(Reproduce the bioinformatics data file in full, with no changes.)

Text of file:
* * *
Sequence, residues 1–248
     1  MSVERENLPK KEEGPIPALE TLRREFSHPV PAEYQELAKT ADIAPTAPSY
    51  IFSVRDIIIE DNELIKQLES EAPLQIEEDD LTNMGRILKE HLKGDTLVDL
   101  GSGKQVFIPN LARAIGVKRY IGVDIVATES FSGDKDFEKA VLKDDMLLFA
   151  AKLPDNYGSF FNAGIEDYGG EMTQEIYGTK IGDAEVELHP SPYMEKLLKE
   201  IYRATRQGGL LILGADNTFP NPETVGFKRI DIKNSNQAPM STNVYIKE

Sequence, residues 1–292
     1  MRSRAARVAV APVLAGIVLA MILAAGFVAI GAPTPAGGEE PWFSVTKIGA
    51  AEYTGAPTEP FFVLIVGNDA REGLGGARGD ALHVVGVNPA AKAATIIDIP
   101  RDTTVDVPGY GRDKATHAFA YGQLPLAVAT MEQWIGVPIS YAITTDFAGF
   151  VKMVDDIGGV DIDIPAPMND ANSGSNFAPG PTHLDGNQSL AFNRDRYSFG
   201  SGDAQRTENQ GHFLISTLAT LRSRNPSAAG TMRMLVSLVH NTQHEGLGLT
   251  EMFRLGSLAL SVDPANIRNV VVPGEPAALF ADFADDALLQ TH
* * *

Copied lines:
Sequence, residues 1–248
     1  MSVERENLPK KEEGPIPALE TLRREFSHPV PAEYQELAKT ADIAPTAPSY
    51  IFSVRDIIIE DNELIKQLES EAPLQIEEDD LTNMGRILKE HLKGDTLVDL
   101  GSGKQVFIPN LARAIGVKRY IGVDIVATES FSGDKDFEKA VLKDDMLLFA
   151  AKLPDNYGSF FNAGIEDYGG EMTQEIYGTK IGDAEVELHP SPYMEKLLKE
   201  IYRATRQGGL LILGADNTFP NPETVGFKRI DIKNSNQAPM STNVYIKE

Sequence, residues 1–292
     1  MRSRAARVAV APVLAGIVLA MILAAGFVAI GAPTPAGGEE PWFSVTKIGA
    51  AEYTGAPTEP FFVLIVGNDA REGLGGARGD ALHVVGVNPA AKAATIIDIP
   101  RDTTVDVPGY GRDKATHAFA YGQLPLAVAT MEQWIGVPIS YAITTDFAGF
   151  VKMVDDIGGV DIDIPAPMND ANSGSNFAPG PTHLDGNQSL AFNRDRYSFG
   201  SGDAQRTENQ GHFLISTLAT LRSRNPSAAG TMRMLVSLVH NTQHEGLGLT
   251  EMFRLGSLAL SVDPANIRNV VVPGEPAALF ADFADDALLQ TH